The "Red Pill" of Virtualization – Detect if your program is running in a Virtual Machine

A film not too long ago ignited a whole new generation of armchair epistemologists with it’s plot proposing that our minds may be living inside an virtual simulation (or matrix if you will), while our physical bodies are being used as batteries. Those familiar with philosophy will be all too familiar with this question posed since Descartes. In the Virtualization world, we have the converse: What if, unbeknownst to us, our computers were really running inside other computers for the selfish self-interest a special group of people? Such a setup has been in use for a very long time in the form of a Virtual Machines/Virtualization which basically fools an operating system into thinking it’s running on its own hardware.


Well here’s the script to detect if your application is running on VMWare or Virtual PC courtesy of Elias (aka lallous) from The Code Project.

*Intro adapted from arstechnica VMWare Vs. VPC.


October 27, 2006 at 6:26 am 2 comments

OSx86 – How To install Mac OS X on VMware Server & AMD 64

1. VMWare Server
2. Mac OS X 10.4.6 iso
3. Daemon Tools 3.4.7
4. At least 6Gb of Free Space.

Machine Specs:
AMD 64 3500+

1. Download and Install VMware Server
VMware Server is available for free at

2. Download and Install Daemon Tools
Daemon Tools available for free at

2. Obtain a legal OS X 10.4.6 ISO
When possible you should operate from a legal copy of the operating system. The image I used is “Mac OS X 10.4.5 Jas.iso”. *cough*cough*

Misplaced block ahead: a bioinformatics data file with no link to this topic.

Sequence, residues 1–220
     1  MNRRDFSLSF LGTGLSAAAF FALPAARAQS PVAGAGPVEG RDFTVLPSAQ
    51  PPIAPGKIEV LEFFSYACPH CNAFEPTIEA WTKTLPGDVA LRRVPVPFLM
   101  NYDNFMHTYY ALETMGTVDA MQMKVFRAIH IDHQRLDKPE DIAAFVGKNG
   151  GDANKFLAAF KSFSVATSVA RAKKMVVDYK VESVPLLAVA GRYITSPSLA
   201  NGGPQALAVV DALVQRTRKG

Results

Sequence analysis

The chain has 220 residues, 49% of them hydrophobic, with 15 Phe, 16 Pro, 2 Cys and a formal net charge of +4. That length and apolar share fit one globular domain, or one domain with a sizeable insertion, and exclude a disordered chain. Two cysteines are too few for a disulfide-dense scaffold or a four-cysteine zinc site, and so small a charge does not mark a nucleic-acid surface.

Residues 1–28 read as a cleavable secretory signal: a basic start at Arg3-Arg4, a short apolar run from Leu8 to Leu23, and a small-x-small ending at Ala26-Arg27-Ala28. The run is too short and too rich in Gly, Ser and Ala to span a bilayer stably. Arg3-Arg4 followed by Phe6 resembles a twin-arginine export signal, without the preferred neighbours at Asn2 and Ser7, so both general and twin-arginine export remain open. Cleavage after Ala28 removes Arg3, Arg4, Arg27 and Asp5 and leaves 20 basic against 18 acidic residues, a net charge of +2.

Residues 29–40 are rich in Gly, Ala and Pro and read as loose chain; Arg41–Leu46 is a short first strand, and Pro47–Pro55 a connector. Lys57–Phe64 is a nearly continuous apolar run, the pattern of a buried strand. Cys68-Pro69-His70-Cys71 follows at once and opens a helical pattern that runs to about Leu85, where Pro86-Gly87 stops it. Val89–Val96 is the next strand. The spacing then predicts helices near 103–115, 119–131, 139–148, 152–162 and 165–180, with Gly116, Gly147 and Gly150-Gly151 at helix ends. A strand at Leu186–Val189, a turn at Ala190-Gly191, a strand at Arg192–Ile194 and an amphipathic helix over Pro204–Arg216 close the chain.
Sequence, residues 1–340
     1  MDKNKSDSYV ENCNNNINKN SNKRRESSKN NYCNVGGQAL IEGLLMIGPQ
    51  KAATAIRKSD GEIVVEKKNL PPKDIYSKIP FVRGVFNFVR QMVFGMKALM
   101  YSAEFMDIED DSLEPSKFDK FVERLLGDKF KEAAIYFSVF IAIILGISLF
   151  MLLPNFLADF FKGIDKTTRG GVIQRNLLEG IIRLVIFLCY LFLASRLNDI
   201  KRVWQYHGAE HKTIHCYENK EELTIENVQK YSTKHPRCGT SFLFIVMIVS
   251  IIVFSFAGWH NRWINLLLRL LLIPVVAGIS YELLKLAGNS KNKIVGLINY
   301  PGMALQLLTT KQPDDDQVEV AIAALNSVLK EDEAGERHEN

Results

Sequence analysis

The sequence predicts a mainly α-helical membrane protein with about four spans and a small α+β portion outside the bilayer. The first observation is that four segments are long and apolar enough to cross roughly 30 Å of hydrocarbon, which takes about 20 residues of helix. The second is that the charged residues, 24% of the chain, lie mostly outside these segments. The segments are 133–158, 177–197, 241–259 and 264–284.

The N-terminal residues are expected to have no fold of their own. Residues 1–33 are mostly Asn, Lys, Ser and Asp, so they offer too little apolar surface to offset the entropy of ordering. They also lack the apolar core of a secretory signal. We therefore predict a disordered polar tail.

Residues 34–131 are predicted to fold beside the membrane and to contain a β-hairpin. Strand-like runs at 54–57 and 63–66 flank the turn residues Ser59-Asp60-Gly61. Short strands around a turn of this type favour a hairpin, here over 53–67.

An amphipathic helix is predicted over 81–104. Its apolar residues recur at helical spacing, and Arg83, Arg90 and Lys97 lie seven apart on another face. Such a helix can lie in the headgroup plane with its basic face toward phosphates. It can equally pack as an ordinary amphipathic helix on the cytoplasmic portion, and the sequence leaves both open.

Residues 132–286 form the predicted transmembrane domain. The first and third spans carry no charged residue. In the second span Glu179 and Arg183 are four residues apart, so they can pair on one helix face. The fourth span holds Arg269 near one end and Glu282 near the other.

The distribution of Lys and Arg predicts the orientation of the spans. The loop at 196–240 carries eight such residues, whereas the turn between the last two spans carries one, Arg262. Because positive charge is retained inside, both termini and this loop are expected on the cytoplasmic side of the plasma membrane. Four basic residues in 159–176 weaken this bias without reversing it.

3. Mount the ISO 
VMware has the ability to mount CD/DVD images but not HFS+ images (the file system used by the Mac OS X installation DVD). You will thus need to load the iso into a virtual drive. I used Daemon Tools version 3.47. Some guides say Alcohol 120% is easier as you can skip step 5b.

4.Create a Virtual Machine
Fire Up VMWare, Select Local Host. Click on New Virtual Machine.  Click Next at the Wizard. Select Custom then Next. Select Other, then pick FreeBSD and click Next. Give your Virtual Machine a name. (I went with Mac OS X). *Put it wherever you want (I placed it in the location where I keep all my virtual machines. Note: make sure you have enough disk space for the virtual machine hard disk file. [6Gb]. Click Next. select Make Virtual Machine Private. Next then User That Powers On The Virtual Machine. Next again. Number of Processors, One. Next. Memory For The Virtual Machine , 512Mb. Next. Use Host-Only Networking (prevent Mac OS X from registering itself during installation). Next. SCSI Adapter , LSI Logic. Next. Create A New Virtual Disk. Next. Virtual Disk Type , IDE. Next. Disk Size, 6. Tick Allocate All Disk Space Now. Next. Wait for the disk space allocation. Give the Disk File a name. I also went with Mac OS X and save it to a location. Finish. Exit VMware.

5. Editing your VMware Config file [*.vmx] 
Locate where you’ve stored your Virtual Machine in * at step 4. Open file (.vmx extension) in notepad and add the following line to the end of the file.


b. Help VMware find the Daemon Tools virtual drive by replacing the line auto detect with your virtual drive letter.

ide1:0.present = “TRUE”
ide1:0.fileName = “n:
ide1:0.deviceType = “cdrom-raw”

(note replace n: with the drive you have configured in Daemon Tools).

Close notepad and save the config file.

7. Installing Mac OS X
Launch VMWare Server and start your Virtual Machine. Press F2 and go into the Virtual Machine’s “BIOS” and set the boot order to CD-ROM first and HDD second. Save Changes and Exit. When the Mac OS X boot prompt appears (Read. Darwin) then the installation wizard welcome screen. It may take a while. Be patient.

8. Setting up your Hard Drive